Farshid Moussavi: Style Matters

Farshid Moussavi presents six projects that illustrate the subversion of architectural conventions.

January 12, 2015

Recorded on April 7, 2014.

Current Work is a lecture series featuring leading figures in the worlds of architecture, urbanism, design, and art.

Farshid Moussavi established London-based Farshid Moussavi Architecture in 2011, following 18 years as a co-founder and partner at Foreign Office Architecture.

Research is an integral part of Moussavi’s practice, carried out both in her office and academic positions. Since 2006, she has been a professor at Harvard University.

Her Current Work lecture title, “Style Matters,” references the latest volume in her “The Function of…” book series, which explores the theory and history of ornament, form, and style. Moussavi gives examples of conventions of form that have become codified, such as theater layouts and office work arrangements, which have led to “a sense of inevitability about certain activities.” She presents an argument for identifying and then breaking these conventions, allowing for arrangements that inspire new habits of behavior and engagement with form.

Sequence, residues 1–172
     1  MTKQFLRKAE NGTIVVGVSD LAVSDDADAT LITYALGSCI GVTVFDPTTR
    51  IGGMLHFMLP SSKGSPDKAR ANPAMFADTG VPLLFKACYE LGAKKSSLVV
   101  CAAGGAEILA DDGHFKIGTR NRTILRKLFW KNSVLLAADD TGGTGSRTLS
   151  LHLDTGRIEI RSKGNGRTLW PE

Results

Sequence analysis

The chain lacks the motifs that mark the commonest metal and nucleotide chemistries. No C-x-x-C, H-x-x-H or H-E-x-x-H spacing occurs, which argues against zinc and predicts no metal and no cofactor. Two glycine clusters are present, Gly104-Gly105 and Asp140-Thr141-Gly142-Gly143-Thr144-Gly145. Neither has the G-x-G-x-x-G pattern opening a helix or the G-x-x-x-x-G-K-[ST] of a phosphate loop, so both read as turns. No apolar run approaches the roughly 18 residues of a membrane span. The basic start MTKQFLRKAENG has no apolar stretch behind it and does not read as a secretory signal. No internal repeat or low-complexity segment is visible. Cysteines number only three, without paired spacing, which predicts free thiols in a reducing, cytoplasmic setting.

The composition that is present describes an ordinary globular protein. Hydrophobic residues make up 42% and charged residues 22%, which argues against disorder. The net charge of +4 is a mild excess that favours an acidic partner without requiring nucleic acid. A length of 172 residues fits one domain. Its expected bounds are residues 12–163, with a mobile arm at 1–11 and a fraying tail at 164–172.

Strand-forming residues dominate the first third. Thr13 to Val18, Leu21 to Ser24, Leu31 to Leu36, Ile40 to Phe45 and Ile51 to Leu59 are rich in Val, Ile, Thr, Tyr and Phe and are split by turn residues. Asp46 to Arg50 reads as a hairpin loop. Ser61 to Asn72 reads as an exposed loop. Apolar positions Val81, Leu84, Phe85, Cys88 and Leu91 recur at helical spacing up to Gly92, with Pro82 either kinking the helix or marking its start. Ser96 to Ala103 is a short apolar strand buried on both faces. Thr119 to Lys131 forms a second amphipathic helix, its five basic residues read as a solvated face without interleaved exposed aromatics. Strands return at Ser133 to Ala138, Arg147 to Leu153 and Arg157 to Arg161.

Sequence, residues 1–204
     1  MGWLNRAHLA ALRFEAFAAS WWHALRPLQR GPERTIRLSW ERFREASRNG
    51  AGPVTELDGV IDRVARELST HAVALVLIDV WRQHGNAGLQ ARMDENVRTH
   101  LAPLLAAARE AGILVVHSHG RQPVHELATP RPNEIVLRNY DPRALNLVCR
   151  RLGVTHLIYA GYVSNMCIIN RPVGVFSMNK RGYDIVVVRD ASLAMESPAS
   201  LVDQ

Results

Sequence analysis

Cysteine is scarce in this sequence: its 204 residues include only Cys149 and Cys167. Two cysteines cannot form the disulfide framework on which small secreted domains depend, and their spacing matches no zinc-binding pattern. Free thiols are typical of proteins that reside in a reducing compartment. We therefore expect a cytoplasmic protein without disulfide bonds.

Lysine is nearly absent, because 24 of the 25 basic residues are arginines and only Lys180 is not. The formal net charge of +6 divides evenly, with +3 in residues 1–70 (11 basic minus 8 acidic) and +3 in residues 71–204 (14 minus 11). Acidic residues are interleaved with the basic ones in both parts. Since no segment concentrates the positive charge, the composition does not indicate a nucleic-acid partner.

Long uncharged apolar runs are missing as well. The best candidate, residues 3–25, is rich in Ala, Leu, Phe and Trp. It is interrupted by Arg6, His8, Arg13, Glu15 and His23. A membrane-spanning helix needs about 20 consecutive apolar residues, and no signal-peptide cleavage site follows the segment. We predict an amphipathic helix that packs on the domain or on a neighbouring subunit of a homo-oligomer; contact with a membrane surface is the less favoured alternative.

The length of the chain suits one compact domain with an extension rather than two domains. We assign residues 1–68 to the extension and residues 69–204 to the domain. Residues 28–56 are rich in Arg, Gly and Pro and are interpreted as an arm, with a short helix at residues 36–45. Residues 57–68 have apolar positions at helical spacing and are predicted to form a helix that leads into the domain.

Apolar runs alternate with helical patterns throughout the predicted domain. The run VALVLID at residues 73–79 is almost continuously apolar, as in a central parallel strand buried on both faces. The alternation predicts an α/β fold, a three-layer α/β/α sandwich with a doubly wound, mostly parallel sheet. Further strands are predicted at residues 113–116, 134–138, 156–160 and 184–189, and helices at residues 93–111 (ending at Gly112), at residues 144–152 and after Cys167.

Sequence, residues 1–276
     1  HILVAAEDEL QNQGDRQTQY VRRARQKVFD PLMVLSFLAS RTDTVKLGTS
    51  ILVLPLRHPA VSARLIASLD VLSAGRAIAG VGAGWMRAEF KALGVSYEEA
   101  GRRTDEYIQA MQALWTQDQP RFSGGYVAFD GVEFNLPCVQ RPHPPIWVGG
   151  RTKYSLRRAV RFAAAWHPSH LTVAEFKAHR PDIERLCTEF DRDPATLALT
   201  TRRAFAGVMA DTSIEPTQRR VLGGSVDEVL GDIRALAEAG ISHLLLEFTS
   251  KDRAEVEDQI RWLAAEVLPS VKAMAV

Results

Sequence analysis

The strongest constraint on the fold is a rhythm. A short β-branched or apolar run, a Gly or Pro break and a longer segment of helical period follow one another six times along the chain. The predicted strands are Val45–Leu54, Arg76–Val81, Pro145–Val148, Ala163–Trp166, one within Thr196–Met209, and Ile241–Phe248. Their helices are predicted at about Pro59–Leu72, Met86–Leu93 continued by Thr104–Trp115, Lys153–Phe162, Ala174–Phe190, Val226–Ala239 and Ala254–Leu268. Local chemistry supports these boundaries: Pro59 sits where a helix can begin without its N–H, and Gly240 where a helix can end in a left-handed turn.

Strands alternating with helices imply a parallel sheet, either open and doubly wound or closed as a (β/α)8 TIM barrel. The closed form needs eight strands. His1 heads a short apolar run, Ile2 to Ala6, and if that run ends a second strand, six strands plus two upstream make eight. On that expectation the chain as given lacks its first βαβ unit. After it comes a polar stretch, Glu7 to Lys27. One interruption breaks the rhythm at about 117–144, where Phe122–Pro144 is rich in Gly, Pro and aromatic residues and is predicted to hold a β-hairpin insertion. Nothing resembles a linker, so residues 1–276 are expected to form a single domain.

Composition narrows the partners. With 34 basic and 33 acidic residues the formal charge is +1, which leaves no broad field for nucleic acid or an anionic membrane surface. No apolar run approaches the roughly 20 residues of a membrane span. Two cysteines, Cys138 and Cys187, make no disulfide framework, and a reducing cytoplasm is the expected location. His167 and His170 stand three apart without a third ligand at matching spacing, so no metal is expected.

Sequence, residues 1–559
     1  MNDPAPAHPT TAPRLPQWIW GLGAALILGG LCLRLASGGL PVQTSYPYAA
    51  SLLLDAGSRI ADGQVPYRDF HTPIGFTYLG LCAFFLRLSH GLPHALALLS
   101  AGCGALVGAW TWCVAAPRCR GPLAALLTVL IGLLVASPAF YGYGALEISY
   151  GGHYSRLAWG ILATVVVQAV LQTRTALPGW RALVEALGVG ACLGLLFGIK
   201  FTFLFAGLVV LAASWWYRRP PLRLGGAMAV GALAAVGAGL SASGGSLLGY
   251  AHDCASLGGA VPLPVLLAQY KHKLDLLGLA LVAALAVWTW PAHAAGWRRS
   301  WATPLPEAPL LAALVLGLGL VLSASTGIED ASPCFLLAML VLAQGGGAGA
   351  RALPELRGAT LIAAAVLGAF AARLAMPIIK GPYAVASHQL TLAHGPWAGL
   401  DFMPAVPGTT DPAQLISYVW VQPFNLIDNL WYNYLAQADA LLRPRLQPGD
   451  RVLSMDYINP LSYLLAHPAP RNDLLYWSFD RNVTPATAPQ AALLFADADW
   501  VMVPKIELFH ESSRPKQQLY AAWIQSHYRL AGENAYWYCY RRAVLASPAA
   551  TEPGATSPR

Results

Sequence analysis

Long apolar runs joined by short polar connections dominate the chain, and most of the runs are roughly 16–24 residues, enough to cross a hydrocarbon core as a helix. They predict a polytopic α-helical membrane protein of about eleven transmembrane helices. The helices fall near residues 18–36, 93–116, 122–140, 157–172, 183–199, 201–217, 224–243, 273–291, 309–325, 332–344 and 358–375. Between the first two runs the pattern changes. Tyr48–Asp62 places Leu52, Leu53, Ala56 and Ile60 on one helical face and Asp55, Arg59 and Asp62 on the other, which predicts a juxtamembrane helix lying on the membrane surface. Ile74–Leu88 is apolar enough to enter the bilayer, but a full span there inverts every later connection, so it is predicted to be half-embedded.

Moussavi presents six of her own projects, organizing the presentation of each around the convention in form, envelope, or structure that the project seeks to subvert:

  • The Yokohama Port Terminal questions the monumentality and isolation of traditional ports through a form that is integrated with the landscape of the city, “appropriating the terminal” as a public space.
  • Subverting the closed or blank façade of the department store, the John Lewis Department Store in Leicester employs a semi-transparent glazed screen that creates privacy without limiting light and views.
  • The One La Défense building outside of Paris takes advantage of a shallow, irregular site through a slab building divided laterally with five elevator cores, creating light-filled, naturally ventilated apartments in a form normally organized with interior corridors and single-aspect units.
  • With an “assemblage of floors and balconies,” La Folie Divine in Montpellier uses varied floor plates and balcony configurations to create privacy, flexibility, and diversity in a residential tower.
  • The 130 Fenchurch Street office tower in London transforms the standard glass curtain wall with a fluted black glass whose concave pieces “neither mirror its context nor act as a transparent window.”
  • Moussavi’s first project in the US, the Museum of Contemporary Art Cleveland, defies the traditional white cube gallery with flexible, reconfigurable spaces in which art and social activities can cohabitate and deep blue walls that create continuity from exterior to interior.

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